Official Rating: 2/5
“More than two hundred years into the future, human beings are an endangered species. The planet has been battered by war, its inhabitants plagued by disease and death. Few humans survived and remained unaffected. Most changed dramatically and evolved into something else entirely. Irrevocable alterations caused by chemical warfare have created a new species. North America is in ruins and has been overtaken. Humanity has fallen at the hands of mutants known as Urthmen.
Seventeen year-old Avery is alive and unchanged. But she has not been immune to the harshness of the new world. She has lived on the run for much of her life, in terror. After losing her father, Avery is the sole guardian of her eight-year-old sister, June. Avery is now charged with June’s safety as well as her own, a nearly impossible task. Forced to hide deep in the forest and away from the cities overrun by Urthmen, Avery and her sister are constantly hunted. Danger awaits them at every turn. They fear they are the only human beings left, that they are the last of their kind.
But are they truly alone? Find out in this raw and rousing first installment of the Planet Urth series.”
I don’t know about this book. There isn’t a lot of back story (I still have no idea why the world is the way it is besides there was some huge war that changed everything) and it takes quite a while into the book to even just find out why Avery’s, the heroine, parents are gone. (spoiler) And the answer is horrifying.
Avery, her sister June, and pregnant mom are being chased by Urthmen (one of the main threats in the book) and her mother suddenly feels that they’ll never escape unless someone is sacrificed. So she stops running and lets the Urthmen (literally) bash her head in, effectively killing her and her unborn baby, in front of her 11 and 2-year-old daughters. Would a mother really do something like that? I understand that she wants to save her children, but just seemed unnecessarily morbid to me. And then their dad or husband respectively suddenly arrives two minutes too late. What?? Why would you write something so traumatizing? Was that truly necessary? And how does June not remember that? Why would her Dad have to tell her where her Mom is later on? It seems like something you would never forget. Even if you’re two.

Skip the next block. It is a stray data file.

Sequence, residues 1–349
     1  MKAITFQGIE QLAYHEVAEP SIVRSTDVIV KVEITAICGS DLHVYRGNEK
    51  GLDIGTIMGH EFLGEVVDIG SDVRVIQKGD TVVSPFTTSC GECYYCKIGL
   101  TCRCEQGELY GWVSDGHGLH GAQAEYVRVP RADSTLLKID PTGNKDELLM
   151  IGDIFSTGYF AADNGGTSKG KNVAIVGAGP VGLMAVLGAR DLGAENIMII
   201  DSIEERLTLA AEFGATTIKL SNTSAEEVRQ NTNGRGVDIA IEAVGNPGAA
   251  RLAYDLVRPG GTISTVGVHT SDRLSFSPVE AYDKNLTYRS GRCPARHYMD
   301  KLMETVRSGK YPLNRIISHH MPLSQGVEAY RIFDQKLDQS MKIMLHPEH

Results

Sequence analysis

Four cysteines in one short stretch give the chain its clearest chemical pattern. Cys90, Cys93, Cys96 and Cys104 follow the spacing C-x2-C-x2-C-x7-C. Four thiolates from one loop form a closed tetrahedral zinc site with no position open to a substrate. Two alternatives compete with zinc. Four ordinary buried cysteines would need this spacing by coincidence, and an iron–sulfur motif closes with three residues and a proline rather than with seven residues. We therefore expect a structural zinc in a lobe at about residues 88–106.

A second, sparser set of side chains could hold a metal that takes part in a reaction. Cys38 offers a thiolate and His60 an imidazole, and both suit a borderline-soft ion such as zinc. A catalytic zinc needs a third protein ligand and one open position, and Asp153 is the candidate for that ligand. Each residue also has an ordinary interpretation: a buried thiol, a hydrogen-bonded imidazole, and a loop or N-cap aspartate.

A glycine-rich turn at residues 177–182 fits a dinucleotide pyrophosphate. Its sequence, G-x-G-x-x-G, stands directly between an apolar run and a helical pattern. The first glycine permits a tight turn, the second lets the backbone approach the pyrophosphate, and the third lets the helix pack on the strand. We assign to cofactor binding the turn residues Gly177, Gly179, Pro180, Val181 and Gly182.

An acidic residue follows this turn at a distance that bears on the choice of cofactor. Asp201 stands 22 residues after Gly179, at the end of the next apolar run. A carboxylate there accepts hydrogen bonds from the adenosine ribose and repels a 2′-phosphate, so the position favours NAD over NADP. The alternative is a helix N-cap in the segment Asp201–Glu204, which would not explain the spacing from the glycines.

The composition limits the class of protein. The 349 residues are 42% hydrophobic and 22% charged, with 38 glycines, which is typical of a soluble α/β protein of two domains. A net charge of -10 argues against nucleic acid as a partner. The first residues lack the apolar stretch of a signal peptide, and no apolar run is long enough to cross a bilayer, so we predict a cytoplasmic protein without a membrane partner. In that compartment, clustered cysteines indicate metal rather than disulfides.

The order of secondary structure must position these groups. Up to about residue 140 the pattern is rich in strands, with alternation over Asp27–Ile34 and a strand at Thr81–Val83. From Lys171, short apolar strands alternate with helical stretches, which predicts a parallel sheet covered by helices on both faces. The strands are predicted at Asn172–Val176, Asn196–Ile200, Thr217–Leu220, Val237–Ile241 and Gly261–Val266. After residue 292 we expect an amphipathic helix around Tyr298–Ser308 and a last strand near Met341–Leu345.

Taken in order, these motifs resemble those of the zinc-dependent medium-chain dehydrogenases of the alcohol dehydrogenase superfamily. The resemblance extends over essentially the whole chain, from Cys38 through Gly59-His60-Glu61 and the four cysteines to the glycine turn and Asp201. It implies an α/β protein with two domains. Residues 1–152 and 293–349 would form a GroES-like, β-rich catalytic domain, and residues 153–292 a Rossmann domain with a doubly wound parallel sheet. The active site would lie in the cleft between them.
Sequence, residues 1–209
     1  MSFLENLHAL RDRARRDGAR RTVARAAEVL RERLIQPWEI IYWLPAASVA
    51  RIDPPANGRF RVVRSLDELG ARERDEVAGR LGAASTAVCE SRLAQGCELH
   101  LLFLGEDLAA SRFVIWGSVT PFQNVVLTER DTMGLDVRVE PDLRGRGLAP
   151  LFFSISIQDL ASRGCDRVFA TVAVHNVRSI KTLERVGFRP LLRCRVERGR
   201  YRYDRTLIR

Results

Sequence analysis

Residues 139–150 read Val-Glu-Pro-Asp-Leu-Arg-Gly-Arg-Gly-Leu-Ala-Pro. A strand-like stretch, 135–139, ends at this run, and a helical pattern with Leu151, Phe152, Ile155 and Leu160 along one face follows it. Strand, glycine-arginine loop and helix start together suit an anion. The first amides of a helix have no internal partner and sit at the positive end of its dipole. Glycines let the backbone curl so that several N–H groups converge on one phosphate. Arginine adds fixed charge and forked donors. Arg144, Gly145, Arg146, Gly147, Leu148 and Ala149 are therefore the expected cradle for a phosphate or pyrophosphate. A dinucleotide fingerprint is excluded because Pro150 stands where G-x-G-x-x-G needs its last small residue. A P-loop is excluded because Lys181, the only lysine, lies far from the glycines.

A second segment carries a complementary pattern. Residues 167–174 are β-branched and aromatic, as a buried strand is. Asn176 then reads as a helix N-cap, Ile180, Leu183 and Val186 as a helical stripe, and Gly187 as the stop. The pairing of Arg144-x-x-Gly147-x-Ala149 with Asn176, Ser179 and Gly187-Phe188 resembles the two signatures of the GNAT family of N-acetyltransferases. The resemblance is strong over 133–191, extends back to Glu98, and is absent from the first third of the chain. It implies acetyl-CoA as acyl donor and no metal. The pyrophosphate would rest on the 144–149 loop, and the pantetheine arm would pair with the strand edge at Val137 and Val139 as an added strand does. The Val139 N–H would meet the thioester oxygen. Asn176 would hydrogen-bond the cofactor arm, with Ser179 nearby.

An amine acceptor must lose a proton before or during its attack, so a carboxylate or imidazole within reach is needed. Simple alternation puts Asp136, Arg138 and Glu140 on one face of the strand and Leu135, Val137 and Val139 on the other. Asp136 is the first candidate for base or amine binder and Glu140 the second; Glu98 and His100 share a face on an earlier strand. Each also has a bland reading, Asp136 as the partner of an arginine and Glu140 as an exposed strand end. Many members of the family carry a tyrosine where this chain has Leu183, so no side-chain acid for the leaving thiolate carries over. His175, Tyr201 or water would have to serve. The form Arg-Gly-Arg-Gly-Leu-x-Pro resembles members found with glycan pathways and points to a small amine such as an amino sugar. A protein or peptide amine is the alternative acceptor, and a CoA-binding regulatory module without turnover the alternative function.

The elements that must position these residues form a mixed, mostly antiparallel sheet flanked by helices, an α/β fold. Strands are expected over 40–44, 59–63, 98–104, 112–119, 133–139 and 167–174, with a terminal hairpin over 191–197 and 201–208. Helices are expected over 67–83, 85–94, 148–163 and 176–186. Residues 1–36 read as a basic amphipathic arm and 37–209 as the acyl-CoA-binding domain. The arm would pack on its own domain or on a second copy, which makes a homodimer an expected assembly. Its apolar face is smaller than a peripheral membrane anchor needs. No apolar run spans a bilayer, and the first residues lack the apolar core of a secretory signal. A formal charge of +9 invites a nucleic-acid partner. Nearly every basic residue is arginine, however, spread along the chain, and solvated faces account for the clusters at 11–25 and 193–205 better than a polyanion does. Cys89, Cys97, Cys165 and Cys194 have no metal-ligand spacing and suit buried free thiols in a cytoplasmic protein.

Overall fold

The book moves rather slowly and there was very little character development. Martucci tries to make Avery seem like a responsible teenager, forced to grow up quickly so that she can survive and keep her sister alive as well. But then, she does some things that don’t match the responsible young adult identity. (Spoiler) Speaking as someone with three younger siblings, it might cross my mind, but to attempt to commit suicide and leave any one of my siblings defenseless, knowing how much trouble I/Avery has even at her age, is despicable. Avery also seems to forget that while she has to act like an adult, she isn’t one. When she demands that a family follows her to “safety”, she gets angry when they refuse to follow and trust her. If I had to worry about the well-being of my family, would I trust a seventeen year old who ran every time she was spotted lurking around my camp? I think not. She never really progresses as the main character or heroine, she continues to make decisions as if she is a leader even though she a) isn’t officially the leader and b) would be a terrible one. (Spoiler) After the Lurkers track her and her sister back to their home, once Will’s parents die, she takes him and his siblings back to the home the Lurkers are trying to break into. Why? I understand that there were limited options, but this just seems like a terrible decision.
June is an eight year old and the sister of Avery. Avery repeatedly mentions how sad she is that June has been forced to grow up so quickly, but I never felt like I saw any reason as to why Avery thinks this. Given the circumstances she should show some very strong signs of a child that has lost her childhood, but she didn’t, there wasn’t any evidence that June had been forced to grow up. She was still an eight year old that giggled and laughed, unaware (or just doesn’t care) that her loud noises could alert enemies. The only time she might have grown up, was when she killed a (baby) boar.
Will was given very little “book time” in my opinion, and I think he would have been the most interesting person to read about. He seemed like a quiet leader, one with good decision-making skills, a leader that knows when to keep himself together and when to lean on someone, how to keep the people following him (his siblings) calm, and kindness as well as intelligence. I wish that he was the leader and not Avery because then the they all might have a chance.
The plot of Planet Urth was great, a seventeen year old trapped on a war ravaged world called Urth. “She has to survive and keep her sister alive as well, using common sense and the things that her father taught her before he died. Lurkers, Urthmen, enormous poisonous spiders, and snorting mutated three-hundred pound boars. But wait, could there be other human life out there? After such silence?” I really could have enjoyed this book, if it had been written differently. Description is very important when writing a book and I understand that. You need your readers to see what is happening in the story in their minds as they read it. However, saying that Will’s muscles “galloped” down his arm is just poor word choice. It makes me think that his muscles are actually horses. (Does that make him somewhat of a centaur?) There’s also a horrid overuse of the word “gore”, inconsistencies, and the things that I mentioned above, but I still give the book a rating of two.